- 21 Dec 2020 09:26 AM
Coming to Terms: “Levels of Autonomy” is Unsound
By Daniel I. Newman
Vertiflite, January/February 2021
This article is the second in a new series on terms used in our expanding vertical flight community, addressing the uses of terminology that threaten to become routine expressions or idioms — or already are — but are misleading or erroneous. Let us know what you think at firstname.lastname@example.org.
Autonomy, among the hottest topics in aviation today, lacks a clear and agreed-upon definition, though a consensus is emerging.
Multiple aviation “level of autonomy” scales have been put forward, such as Autonomy Levels for Unmanned Systems (ALFUS) by US government’s National Institute of Standards and Technology (NIST). But the adjective “autonomous” is binary: either an actor (person or system) performs a task autonomously or it has supervision. There is no gray area or partial state for that task. According to Merriam-Webster autonomy is “the quality or state of being self-governing” and exists only when the authority is delegated by the user. It is the highest form of automation, with the human user out of the loop because they trust and accept liability. ALFUS refers to this as “human independence.”
An eminent colleague coined the term “supervised autonomy” as a diplomatic or emotional crutch for concerned stakeholders to mollify fears during development. It can be useful, but it’s an oxymoron.
So, autonomy is not an attribute of the device, it is an attribute of the device in operation. A system can be designed and trained to have extraordinary capability to successfully perform tasks independently, but it cannot operate autonomously unless it does so free of oversight, riding without the training wheels or parental oversight. Automation with ability to function becomes autonomy only by choice of the person with liability who trusts that the system is capable. Autonomy is the system and the circumstances and the trust.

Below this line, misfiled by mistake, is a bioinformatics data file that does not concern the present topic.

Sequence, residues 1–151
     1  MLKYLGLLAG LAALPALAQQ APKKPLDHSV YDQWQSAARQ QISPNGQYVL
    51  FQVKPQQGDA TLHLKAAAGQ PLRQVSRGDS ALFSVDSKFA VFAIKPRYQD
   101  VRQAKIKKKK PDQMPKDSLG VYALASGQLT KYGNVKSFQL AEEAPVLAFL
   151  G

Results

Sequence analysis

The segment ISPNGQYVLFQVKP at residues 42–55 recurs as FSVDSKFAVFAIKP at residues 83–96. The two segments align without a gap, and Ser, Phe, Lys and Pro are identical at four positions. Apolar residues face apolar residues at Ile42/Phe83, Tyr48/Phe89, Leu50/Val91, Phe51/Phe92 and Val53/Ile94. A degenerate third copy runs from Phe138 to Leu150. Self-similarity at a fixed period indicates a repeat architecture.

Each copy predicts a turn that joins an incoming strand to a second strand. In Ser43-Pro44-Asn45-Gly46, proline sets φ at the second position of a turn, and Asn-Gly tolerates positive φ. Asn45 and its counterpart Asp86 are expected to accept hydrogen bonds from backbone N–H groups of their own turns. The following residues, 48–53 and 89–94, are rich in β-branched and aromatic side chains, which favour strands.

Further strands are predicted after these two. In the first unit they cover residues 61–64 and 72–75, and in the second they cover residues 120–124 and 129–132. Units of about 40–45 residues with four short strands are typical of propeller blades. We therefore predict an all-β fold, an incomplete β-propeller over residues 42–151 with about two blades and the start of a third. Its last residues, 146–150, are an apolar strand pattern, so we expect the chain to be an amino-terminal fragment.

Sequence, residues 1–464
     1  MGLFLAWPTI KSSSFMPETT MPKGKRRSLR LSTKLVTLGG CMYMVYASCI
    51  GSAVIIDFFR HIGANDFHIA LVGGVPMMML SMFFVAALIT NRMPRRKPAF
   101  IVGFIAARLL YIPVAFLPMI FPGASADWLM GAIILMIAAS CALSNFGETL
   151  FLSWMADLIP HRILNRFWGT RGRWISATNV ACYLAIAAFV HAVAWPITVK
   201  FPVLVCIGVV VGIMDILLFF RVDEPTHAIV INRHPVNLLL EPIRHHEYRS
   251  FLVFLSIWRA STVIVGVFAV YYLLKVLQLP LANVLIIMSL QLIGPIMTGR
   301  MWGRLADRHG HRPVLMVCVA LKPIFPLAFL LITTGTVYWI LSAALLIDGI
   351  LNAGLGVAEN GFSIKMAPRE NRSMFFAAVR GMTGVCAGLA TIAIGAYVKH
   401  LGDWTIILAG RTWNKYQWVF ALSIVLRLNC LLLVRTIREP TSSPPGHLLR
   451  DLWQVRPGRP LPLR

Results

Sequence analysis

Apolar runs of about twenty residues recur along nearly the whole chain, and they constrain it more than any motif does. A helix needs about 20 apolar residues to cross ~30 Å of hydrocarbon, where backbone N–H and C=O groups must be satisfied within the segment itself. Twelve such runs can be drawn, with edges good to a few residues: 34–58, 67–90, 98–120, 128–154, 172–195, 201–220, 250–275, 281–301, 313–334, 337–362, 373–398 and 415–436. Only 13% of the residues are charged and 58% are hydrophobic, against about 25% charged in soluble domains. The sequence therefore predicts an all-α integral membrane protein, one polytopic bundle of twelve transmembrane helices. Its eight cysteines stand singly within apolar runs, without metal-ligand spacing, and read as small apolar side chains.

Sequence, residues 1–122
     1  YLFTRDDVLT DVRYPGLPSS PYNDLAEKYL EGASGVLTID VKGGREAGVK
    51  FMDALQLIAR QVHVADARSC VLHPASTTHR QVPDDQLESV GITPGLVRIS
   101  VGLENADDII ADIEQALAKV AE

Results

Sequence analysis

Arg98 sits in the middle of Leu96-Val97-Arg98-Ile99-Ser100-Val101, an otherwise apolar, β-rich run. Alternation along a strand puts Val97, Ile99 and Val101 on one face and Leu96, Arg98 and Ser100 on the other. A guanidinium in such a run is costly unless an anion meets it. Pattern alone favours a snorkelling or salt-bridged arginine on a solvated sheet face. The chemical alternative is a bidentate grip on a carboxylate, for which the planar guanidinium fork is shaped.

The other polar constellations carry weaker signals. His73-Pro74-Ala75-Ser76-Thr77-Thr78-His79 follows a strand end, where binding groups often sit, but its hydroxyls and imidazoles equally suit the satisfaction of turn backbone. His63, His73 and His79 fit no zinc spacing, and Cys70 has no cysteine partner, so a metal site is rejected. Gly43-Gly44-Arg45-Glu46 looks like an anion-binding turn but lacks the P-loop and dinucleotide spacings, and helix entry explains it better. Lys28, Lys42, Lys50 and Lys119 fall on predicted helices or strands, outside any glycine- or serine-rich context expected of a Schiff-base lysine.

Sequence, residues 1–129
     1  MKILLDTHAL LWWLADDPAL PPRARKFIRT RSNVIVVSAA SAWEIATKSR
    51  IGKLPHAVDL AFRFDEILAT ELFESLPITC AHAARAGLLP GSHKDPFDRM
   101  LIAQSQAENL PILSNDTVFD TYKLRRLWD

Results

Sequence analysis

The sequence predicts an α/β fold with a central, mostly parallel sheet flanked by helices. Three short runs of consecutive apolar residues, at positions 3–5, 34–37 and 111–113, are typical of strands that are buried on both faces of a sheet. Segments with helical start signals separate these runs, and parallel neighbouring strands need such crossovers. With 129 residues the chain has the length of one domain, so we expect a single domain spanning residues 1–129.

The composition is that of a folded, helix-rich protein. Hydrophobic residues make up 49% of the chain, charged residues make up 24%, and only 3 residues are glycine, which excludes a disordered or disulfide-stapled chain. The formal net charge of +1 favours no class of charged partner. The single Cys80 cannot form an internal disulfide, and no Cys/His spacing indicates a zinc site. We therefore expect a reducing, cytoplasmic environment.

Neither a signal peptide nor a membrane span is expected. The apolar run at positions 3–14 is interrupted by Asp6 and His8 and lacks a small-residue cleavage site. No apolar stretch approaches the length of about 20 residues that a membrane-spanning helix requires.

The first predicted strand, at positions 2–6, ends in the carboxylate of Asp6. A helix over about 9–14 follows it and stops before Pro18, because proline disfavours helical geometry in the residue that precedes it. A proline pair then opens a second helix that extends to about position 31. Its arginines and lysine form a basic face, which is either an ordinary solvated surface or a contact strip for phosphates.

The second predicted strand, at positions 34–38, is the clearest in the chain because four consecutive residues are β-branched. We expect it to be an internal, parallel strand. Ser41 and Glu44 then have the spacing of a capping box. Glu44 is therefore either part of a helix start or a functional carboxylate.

In a Nov. 19 BreakingDefense.com article, “Let Your Robots Off The Leash — Or Lose: AI Experts,” author Sydney Freedberg recognizes this distinction of user prerogative with the statement, “the Army is putting real soldiers in charge of simulated robots that can operate much more autonomously
— if the humans let them.”
Autonomous operation is a choice by the user — by that user at that time. The same user on a different day or a different user with different concerns who does not trust that device in that use will oversee it (verify) until they trust it. A designer can plan and hope for autonomous use of their device, but autonomous use requires the real-time agreement of the user.
Some argue that task complexity sets the distinction between automation and autonomy, and only the most complex systems are autonomous. However, even the least complex systems can be autonomous. The claim that a task too simple (e.g. a modern elevator) is just “automation” is clearly a slippery slope and arbitrary with no final authority. The user oversight discriminator between autonomy and automation eliminates task complexity as a discriminator, and so is at once objective and elegant.
There is critical distinction between observation and supervision, where the latter includes the capability and willingness to intervene. In some cases there is no possibility to supervise a task, such as unmanned systems on Mars where the latency precludes high bandwidth control. And in some cases no capability to control is provided. In these cases, autonomous operation is required. But where supervision is an option (e.g. a real-time stop button), it is a real-time, context- based, tactical situational choice by the user, regardless of the designers’ plans or prowess. Observing, with the capability and willingness to act but not acting, is not autonomy. If you watch and cannot act, it is observation and so an autonomous operation. If you watch and can act — and will act — then it is supervision, and so not autonomous operation. If you can act and do not watch, it is autonomous operation.